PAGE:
Oil prices were rebounding Thursday after the U.S. Department of Energy said it would release 500,000 barrels of crude oil from the Strategic Petroleum Reserve to help mitigate the effects Tropical Storm Harvey is having on motor fuel supply and prices. 

West Texas Intermediate crude contracts for October delivery were up more than 2% to $47.06 a barrel, while Brent futures climbed about 3% to around $52.35 a barrel by 3 p.m.

Refiner Phillips 66 Co. (PSX) will take delivery of the oil at its facility in Lake Charles, La., which has not been affected by Harvey. It is possible the U.S. DOE reaches further arrangements with other area refiners, as the U.S. consumes roughly 20 million barrels of petroleum products daily and more than a fifth of the country's refining capacity has been taken offline by the storm.

The Strategic Petroleum Reserve, set up in the early 1970s after the Arab oil embargo caused panics over fuel supply, contained 684 million barrels of oil in May.

"The Department will continue to provide assistance as deemed necessary, and will continue to review incoming requests for SPR crude oil," DOE spokeswoman Jess Syzmanski said in an emailed statement. "Should the Secretary decide to approve additional requests for an emergency exchange of crude oil from the SPR, the public will be notified."

According to some industry followers, the immediate impact of Harvey will be a rapid draining of Atlantic Basin product stocks. 

"European gasoline flows to the U.S. can offset what the country needs for now, but we expect wide product cracks for some time," said Jeff Quigley, director of energy markets at consulting and analytics firm Stratas Advisors. "We think the market slow played this and that product prices and cracks have more room to run."

The news comes as gasoline futures were trading at their highest point since mid-2015 on Thursday. The movement in gas is largely due to Wednesday remarks from one major gasoline pipeline operator, Colonial Pipeline Co., which has shutdown its facilities west of Lake Charles and said it would temporarily suspend service of its pipeline delivering gasoline from Houston to Linden, N.J.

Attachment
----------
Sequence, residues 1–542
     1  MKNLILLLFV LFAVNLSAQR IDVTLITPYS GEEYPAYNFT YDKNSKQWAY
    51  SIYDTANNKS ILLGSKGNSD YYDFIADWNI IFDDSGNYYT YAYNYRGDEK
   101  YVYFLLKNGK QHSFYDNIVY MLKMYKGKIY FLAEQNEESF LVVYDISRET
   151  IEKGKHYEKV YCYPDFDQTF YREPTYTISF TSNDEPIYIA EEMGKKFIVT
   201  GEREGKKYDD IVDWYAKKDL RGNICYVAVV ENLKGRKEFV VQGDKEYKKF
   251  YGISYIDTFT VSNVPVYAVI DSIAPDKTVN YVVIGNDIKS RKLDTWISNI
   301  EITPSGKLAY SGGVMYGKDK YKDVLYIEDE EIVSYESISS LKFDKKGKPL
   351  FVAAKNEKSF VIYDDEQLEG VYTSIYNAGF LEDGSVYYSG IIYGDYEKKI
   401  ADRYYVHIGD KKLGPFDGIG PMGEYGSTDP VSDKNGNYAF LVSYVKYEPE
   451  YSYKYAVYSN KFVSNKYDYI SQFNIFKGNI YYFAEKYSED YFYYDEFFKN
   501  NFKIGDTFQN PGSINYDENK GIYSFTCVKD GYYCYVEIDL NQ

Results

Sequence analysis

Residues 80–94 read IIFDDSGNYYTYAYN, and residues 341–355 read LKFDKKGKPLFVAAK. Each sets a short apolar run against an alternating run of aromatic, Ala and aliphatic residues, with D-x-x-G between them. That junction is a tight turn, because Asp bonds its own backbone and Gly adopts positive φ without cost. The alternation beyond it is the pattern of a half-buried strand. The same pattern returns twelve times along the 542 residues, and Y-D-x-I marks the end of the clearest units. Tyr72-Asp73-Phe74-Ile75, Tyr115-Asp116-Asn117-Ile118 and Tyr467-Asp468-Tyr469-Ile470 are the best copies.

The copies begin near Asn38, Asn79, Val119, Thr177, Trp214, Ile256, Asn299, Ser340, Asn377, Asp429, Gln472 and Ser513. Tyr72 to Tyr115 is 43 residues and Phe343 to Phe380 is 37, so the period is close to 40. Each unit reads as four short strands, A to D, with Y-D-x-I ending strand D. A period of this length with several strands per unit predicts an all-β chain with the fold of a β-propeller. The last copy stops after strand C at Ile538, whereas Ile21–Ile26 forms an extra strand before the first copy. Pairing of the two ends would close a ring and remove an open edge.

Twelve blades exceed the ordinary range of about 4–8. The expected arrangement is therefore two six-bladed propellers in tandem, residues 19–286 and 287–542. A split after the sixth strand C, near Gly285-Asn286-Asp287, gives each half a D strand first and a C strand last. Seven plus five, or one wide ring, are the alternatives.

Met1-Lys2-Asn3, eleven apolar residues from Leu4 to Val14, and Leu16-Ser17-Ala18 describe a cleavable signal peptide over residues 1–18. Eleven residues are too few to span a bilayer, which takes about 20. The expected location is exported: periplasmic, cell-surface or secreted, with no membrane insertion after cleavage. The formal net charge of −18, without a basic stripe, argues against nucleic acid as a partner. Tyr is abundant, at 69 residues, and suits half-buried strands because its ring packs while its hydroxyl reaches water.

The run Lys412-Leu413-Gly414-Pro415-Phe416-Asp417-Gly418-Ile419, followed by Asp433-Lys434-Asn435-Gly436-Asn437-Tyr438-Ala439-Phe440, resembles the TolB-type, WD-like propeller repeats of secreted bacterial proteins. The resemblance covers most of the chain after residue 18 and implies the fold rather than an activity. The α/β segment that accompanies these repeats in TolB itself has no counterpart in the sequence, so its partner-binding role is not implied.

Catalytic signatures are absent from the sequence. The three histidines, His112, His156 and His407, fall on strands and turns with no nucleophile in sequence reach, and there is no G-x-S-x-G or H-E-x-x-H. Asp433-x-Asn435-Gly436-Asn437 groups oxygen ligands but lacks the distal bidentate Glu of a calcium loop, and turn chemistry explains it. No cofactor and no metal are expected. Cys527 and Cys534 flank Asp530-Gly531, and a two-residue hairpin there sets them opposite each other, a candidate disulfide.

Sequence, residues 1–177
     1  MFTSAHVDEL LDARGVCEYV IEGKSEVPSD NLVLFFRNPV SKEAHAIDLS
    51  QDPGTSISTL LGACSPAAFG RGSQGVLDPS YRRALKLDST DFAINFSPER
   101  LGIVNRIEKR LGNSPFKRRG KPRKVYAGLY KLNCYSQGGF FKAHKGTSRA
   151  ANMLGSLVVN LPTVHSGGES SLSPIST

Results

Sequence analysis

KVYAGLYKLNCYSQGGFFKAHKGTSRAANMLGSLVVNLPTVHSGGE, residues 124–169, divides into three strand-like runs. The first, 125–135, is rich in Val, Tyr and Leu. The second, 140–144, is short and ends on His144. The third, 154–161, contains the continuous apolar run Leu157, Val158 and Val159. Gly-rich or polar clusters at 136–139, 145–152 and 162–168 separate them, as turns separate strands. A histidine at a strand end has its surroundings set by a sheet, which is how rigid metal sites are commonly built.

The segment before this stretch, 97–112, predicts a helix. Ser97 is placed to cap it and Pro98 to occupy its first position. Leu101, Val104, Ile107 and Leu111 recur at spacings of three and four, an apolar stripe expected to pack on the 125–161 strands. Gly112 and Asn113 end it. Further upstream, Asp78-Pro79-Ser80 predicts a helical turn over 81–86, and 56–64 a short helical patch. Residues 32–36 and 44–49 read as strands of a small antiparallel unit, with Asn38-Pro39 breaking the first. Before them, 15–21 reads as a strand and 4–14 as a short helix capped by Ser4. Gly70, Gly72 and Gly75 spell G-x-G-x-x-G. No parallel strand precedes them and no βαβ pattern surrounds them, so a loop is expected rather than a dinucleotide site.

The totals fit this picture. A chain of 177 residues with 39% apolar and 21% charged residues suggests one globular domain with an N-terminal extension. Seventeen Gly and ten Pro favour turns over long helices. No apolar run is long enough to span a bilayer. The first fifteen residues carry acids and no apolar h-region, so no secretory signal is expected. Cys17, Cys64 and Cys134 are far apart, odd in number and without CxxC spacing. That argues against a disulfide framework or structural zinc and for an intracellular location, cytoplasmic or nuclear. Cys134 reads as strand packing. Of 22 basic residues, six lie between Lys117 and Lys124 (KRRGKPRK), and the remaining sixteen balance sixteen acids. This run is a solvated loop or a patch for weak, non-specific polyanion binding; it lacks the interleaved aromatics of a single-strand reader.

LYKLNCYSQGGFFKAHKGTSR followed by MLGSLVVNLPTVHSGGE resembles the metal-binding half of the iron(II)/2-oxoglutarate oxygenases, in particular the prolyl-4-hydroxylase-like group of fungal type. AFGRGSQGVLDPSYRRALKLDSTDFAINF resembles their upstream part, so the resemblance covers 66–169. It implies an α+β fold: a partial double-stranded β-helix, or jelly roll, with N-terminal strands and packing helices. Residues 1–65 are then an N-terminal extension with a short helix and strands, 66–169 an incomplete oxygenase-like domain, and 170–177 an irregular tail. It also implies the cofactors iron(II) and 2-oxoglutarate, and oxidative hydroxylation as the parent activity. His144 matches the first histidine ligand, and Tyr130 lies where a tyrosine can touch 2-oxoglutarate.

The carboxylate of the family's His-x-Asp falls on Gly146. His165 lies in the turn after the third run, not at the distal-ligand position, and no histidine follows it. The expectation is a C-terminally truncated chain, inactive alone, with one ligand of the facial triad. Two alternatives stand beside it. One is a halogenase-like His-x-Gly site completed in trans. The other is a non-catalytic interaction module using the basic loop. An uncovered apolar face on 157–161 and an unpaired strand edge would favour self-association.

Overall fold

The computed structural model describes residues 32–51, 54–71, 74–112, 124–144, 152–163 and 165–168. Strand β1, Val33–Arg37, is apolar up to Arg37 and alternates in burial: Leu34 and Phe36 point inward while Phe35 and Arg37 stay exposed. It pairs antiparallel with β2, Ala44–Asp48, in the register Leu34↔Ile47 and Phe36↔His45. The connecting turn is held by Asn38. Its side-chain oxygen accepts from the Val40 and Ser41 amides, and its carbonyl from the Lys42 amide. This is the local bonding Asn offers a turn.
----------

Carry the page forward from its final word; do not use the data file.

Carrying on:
Scenes from Hurricane Harvey.
Scenes from Hurricane Harvey.

"Due to supply constraints caused by storm-related refinery shut-downs and the impact to Colonial's facilities west of Lake Charles, Colonial's Line 2, which transports primarily diesel and aviation fuels, will suspend service this evening," the company wrote in a Wednesday evening statement. "For the same reasons, we expect that Line 1, which transports gasoline and is currently operating at reduced rates, will suspend service tomorrow (Thursday)."

The Alpharetta, Ga.-based company said once it able to ensure its facilities are safe to operate and refiners in and east of Lake Charles, La. have the ability to move product to Colonial, it will resume operations. 

"The operability of the Colonial pipeline is obviously a huge issue," Quigley told TheStreet. "If the refineries are able to get back online before Colonial, Jones Act waivers could be granted (like they were in Hurricane Sandy) to barge volumes up to [New York Harbor] or other major demand centers. But again, this is only if there is a supply backup - the supply needs to come back first.

Next week, Stratas expects the EIA to report a draw of 13 million barrels of gasoline and up to 10 million barrels of diesel. 

Colonial posted an update Thursday stating its pipelines should return to full service by Sunday

Tropical Storm Harvey, formerly a Category 4 hurricane, has resulted in thirteen refinery closures so far, including the largest plant in the U.S., Motiva with 603,000 barrels per day of capacity. Motiva, formerly a joint venture between Royal Dutch Sell plc (RDS.A) and Saudi Arabian Oil Co., is now fully operated by an affiliate of Saudi Refining Inc.

Motiva is one of three mega-refineries to be shuttered in the Port Arthur/Beaumont region of Texas, according to analysts. Valero Energy Corp. (VLO) and Exxon Mobil Corp. (XOM) also have shuttered their refineries in the area, both with between 350,000 and 400,000 barrels per day of capacity.

Colonial said that 13 of the 26 refineries that connect to the its system are located between Houston and Lake Charles. 

And several Gulf Coast refinery and chemical plant operators have reported leaks and explosions at facilities in recent days, including Exxon Mobil and Arkema SA. 

The extent of damage to Gulf Coast refineries and the duration of outages is uncertain at this point, but Goldman, Sachs & Co. estimated Thursday that 10% of the currently offline capacity could remain unavailable for several months. 

In the meantime, analysts are betting refiners in the Midwest and Mid-Continent will see elevated stock prices, including CVR Refining LP (CVRR) , Delek US Holdings Inc. (DK) and HollyFrontier Corp. (HFC) ; Marathon Petroleum Corp. (MPC) and PBF Energy Inc. (PBF) and Valero.

Hurricane Harvey sends gas prices soaring nationwide.

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--This story has been updated.

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